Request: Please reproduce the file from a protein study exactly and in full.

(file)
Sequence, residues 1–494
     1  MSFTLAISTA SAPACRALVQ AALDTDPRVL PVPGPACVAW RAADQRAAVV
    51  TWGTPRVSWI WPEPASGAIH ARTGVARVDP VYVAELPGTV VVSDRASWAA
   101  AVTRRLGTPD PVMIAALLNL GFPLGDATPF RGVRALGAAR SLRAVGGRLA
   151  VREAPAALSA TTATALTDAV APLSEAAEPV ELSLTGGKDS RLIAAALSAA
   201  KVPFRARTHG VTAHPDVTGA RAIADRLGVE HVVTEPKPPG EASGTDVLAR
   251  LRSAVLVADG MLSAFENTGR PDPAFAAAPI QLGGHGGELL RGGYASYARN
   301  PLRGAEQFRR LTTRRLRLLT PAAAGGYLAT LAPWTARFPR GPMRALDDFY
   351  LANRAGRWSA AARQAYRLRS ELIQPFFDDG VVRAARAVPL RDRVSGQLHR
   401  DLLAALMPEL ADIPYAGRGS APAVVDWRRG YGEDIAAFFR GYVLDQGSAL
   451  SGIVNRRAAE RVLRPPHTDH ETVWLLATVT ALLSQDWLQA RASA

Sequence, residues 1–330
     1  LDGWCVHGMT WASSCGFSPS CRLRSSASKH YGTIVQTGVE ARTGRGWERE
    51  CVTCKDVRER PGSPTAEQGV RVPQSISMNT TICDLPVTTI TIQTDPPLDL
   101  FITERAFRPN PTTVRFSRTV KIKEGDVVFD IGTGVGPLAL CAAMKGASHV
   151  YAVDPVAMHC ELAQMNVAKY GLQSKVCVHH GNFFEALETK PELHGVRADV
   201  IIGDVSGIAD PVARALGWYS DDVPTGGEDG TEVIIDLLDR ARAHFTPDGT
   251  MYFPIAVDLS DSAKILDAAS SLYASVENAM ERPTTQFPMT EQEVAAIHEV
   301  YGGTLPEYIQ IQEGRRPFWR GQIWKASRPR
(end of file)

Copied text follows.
Sequence, residues 1–494
     1  MSFTLAISTA SAPACRALVQ AALDTDPRVL PVPGPACVAW RAADQRAAVV
    51  TWGTPRVSWI WPEPASGAIH ARTGVARVDP VYVAELPGTV VVSDRASWAA
   101  AVTRRLGTPD PVMIAALLNL GFPLGDATPF RGVRALGAAR SLRAVGGRLA
   151  VREAPAALSA TTATALTDAV APLSEAAEPV ELSLTGGKDS RLIAAALSAA
   201  KVPFRARTHG VTAHPDVTGA RAIADRLGVE HVVTEPKPPG EASGTDVLAR
   251  LRSAVLVADG MLSAFENTGR PDPAFAAAPI QLGGHGGELL RGGYASYARN
   301  PLRGAEQFRR LTTRRLRLLT PAAAGGYLAT LAPWTARFPR GPMRALDDFY
   351  LANRAGRWSA AARQAYRLRS ELIQPFFDDG VVRAARAVPL RDRVSGQLHR
   401  DLLAALMPEL ADIPYAGRGS APAVVDWRRG YGEDIAAFFR GYVLDQGSAL
   451  SGIVNRRAAE RVLRPPHTDH ETVWLLATVT ALLSQDWLQA RASA

Sequence, residues 1–330
     1  LDGWCVHGMT WASSCGFSPS CRLRSSASKH YGTIVQTGVE ARTGRGWERE
    51  CVTCKDVRER PGSPTAEQGV RVPQSISMNT TICDLPVTTI TIQTDPPLDL
   101  FITERAFRPN PTTVRFSRTV KIKEGDVVFD IGTGVGPLAL CAAMKGASHV
   151  YAVDPVAMHC ELAQMNVAKY GLQSKVCVHH GNFFEALETK PELHGVRADV
   201  IIGDVSGIAD PVARALGWYS DDVPTGGEDG TEVIIDLLDR ARAHFTPDGT
   251  MYFPIAVDLS DSAKILDAAS SLYASVENAM ERPTTQFPMT EQEVAAIHEV
   301  YGGTLPEYIQ IQEGRRPFWR GQIWKASRPR